I am working on reimporting all the old content from the old database and making sure that the images are all touched up and reimported so if you are looking for an old article these should be back in the coming weeks.

Thanks,

Matt

JunOS: Logout stale edit sessions

I have been bitten enough times when my ssh session to my JunOS switch or router has been disconnected because it was idle and then when I reconnect get the warning to say that another user is editing the configuration.

The easiest thing to do is to log out the other session once you have reconnected to the device by using the PID of the stale session (in this case 28439) with the following command:

You should now no longer see that message when you log back into the switch.

Citrix XenApp 6.5 – GPO Templates

I’ve recently been configuring a new Citrix XenApp 6.5 farm for one of my clients and as part of the deployment was looking through some articles on configuring the farm settings when I discovered the following post in Gerrish’s IT Blog about enabling the enhanced user interface features available with XenApp 6.5 (XenApp 6.5 – Enhanced Desktop Experience)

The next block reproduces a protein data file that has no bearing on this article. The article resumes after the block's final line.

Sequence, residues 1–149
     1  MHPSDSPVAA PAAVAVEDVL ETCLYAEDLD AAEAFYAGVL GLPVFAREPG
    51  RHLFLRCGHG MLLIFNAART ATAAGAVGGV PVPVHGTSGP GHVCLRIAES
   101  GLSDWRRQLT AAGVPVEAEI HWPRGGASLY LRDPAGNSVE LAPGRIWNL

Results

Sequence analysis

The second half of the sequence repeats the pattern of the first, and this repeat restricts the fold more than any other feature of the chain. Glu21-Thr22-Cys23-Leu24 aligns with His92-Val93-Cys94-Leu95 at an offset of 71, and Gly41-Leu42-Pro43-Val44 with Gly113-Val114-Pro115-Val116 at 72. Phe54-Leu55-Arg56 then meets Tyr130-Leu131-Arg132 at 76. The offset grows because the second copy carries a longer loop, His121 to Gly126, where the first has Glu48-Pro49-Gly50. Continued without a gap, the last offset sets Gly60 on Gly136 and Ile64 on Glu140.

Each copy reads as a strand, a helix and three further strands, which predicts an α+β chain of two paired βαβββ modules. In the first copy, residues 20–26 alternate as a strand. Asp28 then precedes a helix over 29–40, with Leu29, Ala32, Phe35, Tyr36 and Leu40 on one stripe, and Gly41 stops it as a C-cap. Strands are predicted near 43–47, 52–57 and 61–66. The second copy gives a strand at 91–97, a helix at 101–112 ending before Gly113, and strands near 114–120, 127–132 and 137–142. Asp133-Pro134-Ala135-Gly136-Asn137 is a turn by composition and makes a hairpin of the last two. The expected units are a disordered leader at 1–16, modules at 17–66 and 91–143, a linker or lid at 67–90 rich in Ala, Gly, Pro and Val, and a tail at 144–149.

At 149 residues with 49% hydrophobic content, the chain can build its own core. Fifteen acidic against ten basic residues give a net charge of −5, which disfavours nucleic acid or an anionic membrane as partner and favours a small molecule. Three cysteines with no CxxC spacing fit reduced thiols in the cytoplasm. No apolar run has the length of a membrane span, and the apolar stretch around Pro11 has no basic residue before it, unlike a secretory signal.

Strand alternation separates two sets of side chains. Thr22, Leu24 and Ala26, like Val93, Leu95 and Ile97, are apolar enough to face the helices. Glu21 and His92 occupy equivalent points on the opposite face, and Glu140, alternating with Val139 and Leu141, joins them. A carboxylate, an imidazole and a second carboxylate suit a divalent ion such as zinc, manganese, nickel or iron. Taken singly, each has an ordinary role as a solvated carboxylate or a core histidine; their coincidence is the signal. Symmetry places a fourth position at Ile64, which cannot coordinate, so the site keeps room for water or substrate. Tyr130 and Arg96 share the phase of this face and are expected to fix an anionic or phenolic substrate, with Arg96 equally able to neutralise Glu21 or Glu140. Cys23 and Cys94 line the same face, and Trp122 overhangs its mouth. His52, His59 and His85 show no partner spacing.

Alongside the implementation of a standardised user interface the post also explains how Citrix can automatically create some GPO templates to lock down the server farm so the users are not able to perform tasks they shouldn’t be able to do. These policies will need to be tweaked to match the requirements of your particular environmetn but provides a strong starting point for configuring and standardising your Citrix farm.

Monitoring Alarm Status on Juniper EX Switches

I am in the process of installing a number of Juniper EX2200, EX3200 and EX4200 switches for a client and as part of the setup need to be able to monitor the switches for any alarms  (eg Switch Management interface down or Switch booted from Backup Partition) and have them dealt with accordingly.

Having a look at the SNMP OID tree for the EX switches I came across the following useful table

http://www.oidview.com/mibs/2636/JUNIPER-ALARM-MIB.html

Object Name Object Identifier
jnxAlarms jnxAlarms 1.3.6.1.4.1.2636.3.4
jnxCraftAlarms jnxCraftAlarms 1.3.6.1.4.1.2636.3.4.2
jnxAlarmRelayMode jnxAlarmRelayMode 1.3.6.1.4.1.2636.3.4.2.1
jnxYellowAlarms jnxYellowAlarms 1.3.6.1.4.1.2636.3.4.2.2
jnxYellowAlarmState jnxYellowAlarmState 1.3.6.1.4.1.2636.3.4.2.2.1
jnxYellowAlarmCount jnxYellowAlarmCount 1.3.6.1.4.1.2636.3.4.2.2.2
jnxYellowAlarmLastChange jnxYellowAlarmLastChange 1.3.6.1.4.1.2636.3.4.2.2.3
jnxRedAlarms jnxRedAlarms 1.3.6.1.4.1.2636.3.4.2.3
jnxRedAlarmState jnxRedAlarmState 1.3.6.1.4.1.2636.3.4.2.3.1
jnxRedAlarmCount jnxRedAlarmCount 1.3.6.1.4.1.2636.3.4.2.3.2
jnxRedAlarmLastChange jnxRedAlarmLastChange 1.3.6.1.4.1.2636.3.4.2.3.3

I have used the jnxRedAlarmCount and jnxYellowAlarmCount oid values as basic Opsview SNMP Service Checks to give me an initial overview but in the long term will be looking to combine this into a full service check script that can be used to check a number of different things.